NOTE: Montgomery County Parks remain open to normal, everyday use by the public during Archery Managed Deer Hunts.
How often will hunters be in our Woods and how will we know they are there?
The volunteer archery group recommended by the Woods Committee and approved by the Town Council will provide us with a schedule of their activities. They will notify a specific point of contact either on the Woods Committee or the Town Council when a hunter will be in the woods. On a regular basis, they will provide us with a tally of deer harvested and the amount of venison donated to food banks. Details will be presented at our Informational Meeting on 6/24.
Who is conducting Archery Managed Hunting activities?
The Woods Committee has interviewed several groups and recommends the Bow Hunter Fire Fighters of Maryland (BHFFMD.com). This group of bowhunting experts are career firefighters from Fire Station #8 in Gaithersburg who have extensive archery hunting proficiency and experience appropriate for our Town’s deer population management situation. Representatives from BHFFMD will speak and answer questions at our June 24 meeting in McCathran Hall.
Should I be concerned about my personal safety and that of my family and pets?
Non-participant injuries resulting from archery hunting activities are all but non-existent. The chance of accidental injury to people or pets is nearly impossible. This is according to the Montgomery County Deer Management website. No personal injury to non-hunting participants have been reported.
Montgomery Parks’ Archery managed hunting occurs under strict guidelines, in accordance with state and local regulations pertaining to archery deer hunting, and within designated area(s) of the park. Participants are required to hunt from a stationary, elevated position, exceeding the County regulation pertaining to required distance from any occupied building.
What is the Archery Managed Deer Hunting Program?
The Archery Managed Deer Hunting Program is a controlled archery deer hunt, using organized, insured hunting groups with experienced, proficient, recreational archery hunters operating under strict guidelines, for the purpose of reducing and/or maintaining deer population numbers on parklands for the benefit of natural ecosystems, citizen landscapes, reducing Deer Vehicle Collisions (DVC’s) and an overall reduction of deer human conflict.
How many deer are we planning to harvest?
Despite various estimates of the number of deer our East and West Woods, the goal is not to eliminate deer from Washington Grove forests, but to reduce their population size to a healthier, more sustainable level. White-tailed deer are a part of our natural heritage and will continue to be present in our forests. However, the environmental damage (lack of understory and forest succession, prevalence of non-native invasive plants, and decrease in biodiversity of both plants and animals) in the East and West Woods show that the number of deer, probably exceeding three dozen deer, exceeds the capacity to sustain a healthy woodland.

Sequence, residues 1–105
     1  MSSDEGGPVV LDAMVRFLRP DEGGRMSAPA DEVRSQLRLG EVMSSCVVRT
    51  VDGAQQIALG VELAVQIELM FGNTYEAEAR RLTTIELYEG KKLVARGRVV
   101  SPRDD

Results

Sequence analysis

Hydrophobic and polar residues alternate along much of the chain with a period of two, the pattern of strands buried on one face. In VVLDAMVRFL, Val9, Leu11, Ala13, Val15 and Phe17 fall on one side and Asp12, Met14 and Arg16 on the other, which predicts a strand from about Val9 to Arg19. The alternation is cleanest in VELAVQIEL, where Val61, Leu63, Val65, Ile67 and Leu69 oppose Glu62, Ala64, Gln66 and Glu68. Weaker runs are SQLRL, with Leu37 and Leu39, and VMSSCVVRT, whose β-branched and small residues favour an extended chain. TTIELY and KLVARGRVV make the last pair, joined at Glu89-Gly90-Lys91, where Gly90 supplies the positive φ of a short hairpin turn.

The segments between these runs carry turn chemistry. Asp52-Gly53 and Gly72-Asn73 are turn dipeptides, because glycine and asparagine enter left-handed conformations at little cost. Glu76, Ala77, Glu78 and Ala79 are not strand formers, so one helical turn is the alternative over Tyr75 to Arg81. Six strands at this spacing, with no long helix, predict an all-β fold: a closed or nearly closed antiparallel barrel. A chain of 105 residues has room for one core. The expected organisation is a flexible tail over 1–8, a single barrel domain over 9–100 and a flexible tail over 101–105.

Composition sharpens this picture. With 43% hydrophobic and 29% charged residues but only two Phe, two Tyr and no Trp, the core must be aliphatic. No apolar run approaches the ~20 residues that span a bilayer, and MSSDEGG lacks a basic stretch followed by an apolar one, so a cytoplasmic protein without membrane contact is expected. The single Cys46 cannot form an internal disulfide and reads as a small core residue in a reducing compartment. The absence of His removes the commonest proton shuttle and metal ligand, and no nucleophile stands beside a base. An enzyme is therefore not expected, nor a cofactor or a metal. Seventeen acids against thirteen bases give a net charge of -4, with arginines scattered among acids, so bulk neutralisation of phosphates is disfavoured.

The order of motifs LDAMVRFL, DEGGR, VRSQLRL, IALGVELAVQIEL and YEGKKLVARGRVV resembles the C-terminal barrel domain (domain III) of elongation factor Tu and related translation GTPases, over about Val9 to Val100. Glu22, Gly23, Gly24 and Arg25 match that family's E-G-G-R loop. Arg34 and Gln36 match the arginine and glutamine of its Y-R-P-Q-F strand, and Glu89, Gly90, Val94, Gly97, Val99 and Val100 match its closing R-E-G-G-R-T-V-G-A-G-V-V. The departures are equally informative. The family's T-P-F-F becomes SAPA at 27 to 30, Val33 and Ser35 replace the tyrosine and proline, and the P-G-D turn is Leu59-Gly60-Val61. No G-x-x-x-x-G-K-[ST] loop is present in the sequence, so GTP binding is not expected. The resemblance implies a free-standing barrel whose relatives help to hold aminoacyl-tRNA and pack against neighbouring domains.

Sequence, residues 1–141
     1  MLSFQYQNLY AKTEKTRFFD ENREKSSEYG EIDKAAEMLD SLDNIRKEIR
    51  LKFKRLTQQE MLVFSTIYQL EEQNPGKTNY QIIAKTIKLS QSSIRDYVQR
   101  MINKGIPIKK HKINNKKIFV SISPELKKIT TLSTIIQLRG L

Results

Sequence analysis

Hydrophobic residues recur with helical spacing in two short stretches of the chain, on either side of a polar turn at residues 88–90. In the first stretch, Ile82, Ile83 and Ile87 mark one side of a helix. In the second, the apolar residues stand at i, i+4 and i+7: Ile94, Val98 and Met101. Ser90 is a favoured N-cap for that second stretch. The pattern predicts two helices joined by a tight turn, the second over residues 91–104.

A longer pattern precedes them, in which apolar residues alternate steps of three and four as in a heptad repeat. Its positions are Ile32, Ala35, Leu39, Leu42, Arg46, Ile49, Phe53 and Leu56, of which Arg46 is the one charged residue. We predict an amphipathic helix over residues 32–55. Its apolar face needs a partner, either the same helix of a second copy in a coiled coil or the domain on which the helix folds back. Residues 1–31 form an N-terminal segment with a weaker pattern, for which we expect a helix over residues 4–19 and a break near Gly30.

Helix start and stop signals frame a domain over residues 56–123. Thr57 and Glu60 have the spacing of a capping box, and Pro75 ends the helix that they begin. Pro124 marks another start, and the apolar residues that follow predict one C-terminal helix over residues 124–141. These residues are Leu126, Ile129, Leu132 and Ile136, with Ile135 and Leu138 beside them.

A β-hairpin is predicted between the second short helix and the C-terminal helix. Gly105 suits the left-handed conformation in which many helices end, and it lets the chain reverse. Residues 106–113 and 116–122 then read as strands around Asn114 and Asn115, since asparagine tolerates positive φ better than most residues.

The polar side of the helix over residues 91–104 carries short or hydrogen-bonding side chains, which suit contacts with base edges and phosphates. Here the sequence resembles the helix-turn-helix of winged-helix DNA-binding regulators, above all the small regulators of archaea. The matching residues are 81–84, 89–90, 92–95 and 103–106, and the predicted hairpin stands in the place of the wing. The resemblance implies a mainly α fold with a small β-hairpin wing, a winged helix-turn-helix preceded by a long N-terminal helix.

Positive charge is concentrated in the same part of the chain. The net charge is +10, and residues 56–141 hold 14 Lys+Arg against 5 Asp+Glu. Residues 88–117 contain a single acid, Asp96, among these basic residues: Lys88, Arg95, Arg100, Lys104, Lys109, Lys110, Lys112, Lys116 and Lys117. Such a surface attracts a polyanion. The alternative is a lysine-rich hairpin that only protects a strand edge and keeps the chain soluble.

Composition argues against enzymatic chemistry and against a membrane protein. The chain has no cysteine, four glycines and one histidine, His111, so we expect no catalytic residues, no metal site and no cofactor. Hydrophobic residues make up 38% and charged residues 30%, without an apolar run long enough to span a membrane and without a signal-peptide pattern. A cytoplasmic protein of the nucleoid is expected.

Is bow hunting the most humane way to cull deer?
The Woods Committee has spent the last year researching this question to find the most humane way to deal with the deer overpopulation problem. We have recommended to the Town Council a volunteer archery team which is highly qualified, experienced, and proficient. It is well understood that a properly placed arrow minimizes the potential for pain and suffering associated with the death of the animal. Training, regulations, and guidelines have been established by Maryland DNR and MC Parks Deer Management Program for participating hunters in order to maximize and perpetuate hunting and shooting ethics.
What happens if a deer is wounded, but not killed?
With qualified hunters and advanced equipment, this is an increasing rare event, However, the hunter is obligated to track and retrieve the injured animal. This may involve contacting either the property owner or the local police department so the hunter can retrieve and humanely kill the injured animal.
What is the wounding rate?
The archery wounding rate that is reported is a non-recovery rate of deer calculated as the percentage of deer reported as being shot by hunters with an arrow or crossbow bolt that are not successfully retrieved.
The archery wounding/non-recovery rates reported in the Montgomery Parks Managed Deer Hunting Programs are similar, or reduced, when compared to wounding rates reported in more recent studies for hunters using modern archery equipment. Between FY2015-2019, the Montgomery Parks Archery Managed Deer Hunting Program has experienced reported wounding rates ranging from 0.00 – 7.70% with wounding loss rates decreased each consecutive season to date.
What happens to the meat (venison) and other by products?
All deer removed through the Archery Managed Deer Hunting Program are the responsibility of the participating hunter and/or hunting group. Some hunters choose to utilize the meat for their own family, while others may donate the meat to friends, family, churches, or through charitable organizations such as Farmers and Hunters Feeding the Hungry (FHFH). It is required that every deer removed through archery hunting be utilized by the hunter and/or be donated for use by those in need. It is the Woods Committee’s intent that the venison will be donated to FHFH for local food banks.
What are the qualifications of the hunters?
Each individual, qualified hunter will be required to demonstrate: having completed both a State Hunter Education/Safety Course and a State or National Bowhunter Education Foundation Bowhunter Education/Safety Course, a history of archery hunting experience and record of success, current shooting proficiency under the standards and guidelines set forth by the Department of Parks, and must meet the requirements of a criminal background investigation.
How will you know if the hunt is successful?
The Woods Committee is in communications with other communities in Montgomery County, such as the Meadow Wood community, to develop metrics to assess the hunt. Ideally Grove residents will see a decline in deer population the first year with no evidence that the hunters have been here. It will be several years before we begin to see a return to healthy understory in our Woods. However, the Woods Committee will use the existing marked sections in the East Woods mapped for non-native invasive plants as reference points to observe survival of re-emerging native plants against any browsing pressure. The Woods Committee and Town Council welcome residents’ questions and concerns throughout this difficult decision-making process for all of us.